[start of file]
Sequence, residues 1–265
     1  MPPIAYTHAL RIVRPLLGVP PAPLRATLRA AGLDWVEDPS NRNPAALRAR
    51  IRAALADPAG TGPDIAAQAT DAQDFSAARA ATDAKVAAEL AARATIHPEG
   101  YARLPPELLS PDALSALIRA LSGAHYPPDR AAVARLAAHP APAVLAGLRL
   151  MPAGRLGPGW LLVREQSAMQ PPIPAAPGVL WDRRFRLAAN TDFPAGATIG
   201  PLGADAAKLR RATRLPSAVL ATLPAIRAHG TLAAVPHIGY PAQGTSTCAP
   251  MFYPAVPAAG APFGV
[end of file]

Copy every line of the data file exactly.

Sequence, residues 1–265
     1  MPPIAYTHAL RIVRPLLGVP PAPLRATLRA AGLDWVEDPS NRNPAALRAR
    51  IRAALADPAG TGPDIAAQAT DAQDFSAARA ATDAKVAAEL AARATIHPEG
   101  YARLPPELLS PDALSALIRA LSGAHYPPDR AAVARLAAHP APAVLAGLRL
   151  MPAGRLGPGW LLVREQSAMQ PPIPAAPGVL WDRRFRLAAN TDFPAGATIG
   201  PLGADAAKLR RATRLPSAVL ATLPAIRAHG TLAAVPHIGY PAQGTSTCAP
   251  MFYPAVPAAG APFGV